Radu Muntean • Director
"I wanted to make a film about how, in our search for identity, we need unconditional love"
by Stefan Dobroiu
- LOCARNO 2018: We chatted to Romanian director Radu Muntean, whose sixth feature, Alice T., screened in the official competition of the Locarno Film Festival and won an award to boot
Romanian director Radu Muntean makes a significant departure from his usual topics with Alice T. [+see also:
interview: Radu Muntean
film profile], a coming-of-age drama about a teenager who gets pregnant. Andra Guţi, a first-time actress, won the Best Actress Award at the Locarno Film Festival for her performance. Here is what the director has to say about how he discovered the talented teenager, how they worked together for the film, and the challenges that cropped up while he was making his female-centred family drama.
Cineuropa: What were the biggest challenges on the project, and why was it so important that the protagonist be adopted?
Radu Muntean: In my family, we have had, and still have, cases of adopted children, and my relationship with them and the way I tried and sometimes managed to understand certain decisions of theirs form the basis of the film. Sure, it was clear from the very beginning that I didn’t want to show a case study, but rather to make a movie about how, in our search for identity, we need, sometimes desperately, absolute, unconditional love. And in this endeavour, an ideal vehicle for the story was a type of character that faces life with a significant emotional handicap and is willing to do anything in order to erase the impression they were just an accident.
Do you think the communication between teenagers and parents is more difficult today than when you were a teenager yourself?
It is a question I have asked myself many times. I had hoped that my experience with the development of Alice T. would help me clarify these things and make me better prepared for when my children became teenagers. The irony was that immediately after wrapping production, I was welcomed at home by two teenagers who would refuse to communicate. Or they would communicate that they didn’t feel as understood as they would have wanted and that they would rather face their parents’ absence than their understanding. Maybe we, the parents of today, are more aware that there is a communication barrier in our relationship with teenagers. And if we don’t succeed in breaking down this barrier, the least we can do is to try to tolerate it as it is.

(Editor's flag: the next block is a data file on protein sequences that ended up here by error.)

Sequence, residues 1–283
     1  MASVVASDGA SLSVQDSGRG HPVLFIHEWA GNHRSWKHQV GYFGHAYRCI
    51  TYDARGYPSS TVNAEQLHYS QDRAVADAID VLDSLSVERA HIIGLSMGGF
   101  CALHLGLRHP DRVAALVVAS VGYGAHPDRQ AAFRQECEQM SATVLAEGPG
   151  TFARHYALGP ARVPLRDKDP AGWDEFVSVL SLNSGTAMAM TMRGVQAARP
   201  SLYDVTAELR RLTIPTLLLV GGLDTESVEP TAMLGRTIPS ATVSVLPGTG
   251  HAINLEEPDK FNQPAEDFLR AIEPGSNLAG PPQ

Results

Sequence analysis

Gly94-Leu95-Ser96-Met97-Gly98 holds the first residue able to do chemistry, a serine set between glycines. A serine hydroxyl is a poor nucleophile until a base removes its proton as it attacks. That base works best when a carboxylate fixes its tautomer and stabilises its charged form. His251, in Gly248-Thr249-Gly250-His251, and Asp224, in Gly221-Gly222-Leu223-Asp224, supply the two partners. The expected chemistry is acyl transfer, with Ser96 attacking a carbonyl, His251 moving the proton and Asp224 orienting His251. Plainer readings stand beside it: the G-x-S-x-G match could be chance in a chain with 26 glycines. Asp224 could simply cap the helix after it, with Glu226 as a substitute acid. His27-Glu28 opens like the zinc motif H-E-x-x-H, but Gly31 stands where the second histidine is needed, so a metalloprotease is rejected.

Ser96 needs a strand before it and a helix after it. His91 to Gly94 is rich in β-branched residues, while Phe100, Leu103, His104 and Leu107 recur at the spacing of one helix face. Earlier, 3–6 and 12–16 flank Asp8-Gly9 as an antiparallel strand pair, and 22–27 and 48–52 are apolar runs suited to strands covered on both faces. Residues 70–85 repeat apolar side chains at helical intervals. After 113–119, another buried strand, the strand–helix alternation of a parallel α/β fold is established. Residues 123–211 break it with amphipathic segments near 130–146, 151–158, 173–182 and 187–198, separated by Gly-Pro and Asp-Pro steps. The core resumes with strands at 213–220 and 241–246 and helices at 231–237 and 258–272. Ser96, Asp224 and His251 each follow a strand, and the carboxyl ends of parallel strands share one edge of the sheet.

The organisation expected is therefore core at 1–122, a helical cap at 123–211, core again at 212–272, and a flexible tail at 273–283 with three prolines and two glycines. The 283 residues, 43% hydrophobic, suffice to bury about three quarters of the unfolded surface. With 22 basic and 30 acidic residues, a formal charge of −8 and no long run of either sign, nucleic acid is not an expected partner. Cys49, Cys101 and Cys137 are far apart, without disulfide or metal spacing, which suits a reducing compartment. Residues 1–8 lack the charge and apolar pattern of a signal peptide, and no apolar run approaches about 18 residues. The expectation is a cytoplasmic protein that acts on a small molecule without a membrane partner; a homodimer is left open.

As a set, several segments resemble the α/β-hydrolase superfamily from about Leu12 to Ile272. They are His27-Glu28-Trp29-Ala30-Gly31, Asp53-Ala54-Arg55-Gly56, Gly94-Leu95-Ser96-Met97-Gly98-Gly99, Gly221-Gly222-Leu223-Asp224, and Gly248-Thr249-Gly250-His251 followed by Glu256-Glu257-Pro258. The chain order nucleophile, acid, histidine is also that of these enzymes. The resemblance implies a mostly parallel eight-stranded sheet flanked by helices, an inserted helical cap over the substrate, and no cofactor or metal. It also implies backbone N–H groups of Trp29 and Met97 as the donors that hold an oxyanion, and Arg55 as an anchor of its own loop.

Andra Guţi is excellent as the troubled Alice. How did you discover her, and how did you work together?
We auditioned almost 800 girls during the casting. Andra came together with a few colleagues; I think she was more interested in having fun than in getting the part, and maybe that’s exactly why her first audition was so great. After a few more auditions, it became apparent to me that she was the only one who would play a very good Alice and that, provided she doesn’t make bad choices in her career, she will surely become an excellent actress. Between the casting and the shoot, we had several months for training and rehearsals. Many of these were with an audience because I wanted to prepare her for the pressure of shooting.
This is the fifth film you have written with Răzvan Rădulescu and Alexandru Baciu. How has your collaboration evolved since The Paper Will Be Blue (2006)? Was Alice T. a departure from your usual way of writing together?
We work the same way every time, but every new topic has its challenges. Working on Alice T. was as intense as usual, but more difficult than the other screenplays we wrote together. It was our first female protagonist, a teenager who is hard to like, and whose extreme actions had to be part of a structure that was more elliptical than those we tried before.
Are you developing a new feature? What is it about?
Yes, we are now considering going back to a story we abandoned so that we could focus on Alice T. If we succeed in getting it right, it will be a screenplay on the topic of generosity.
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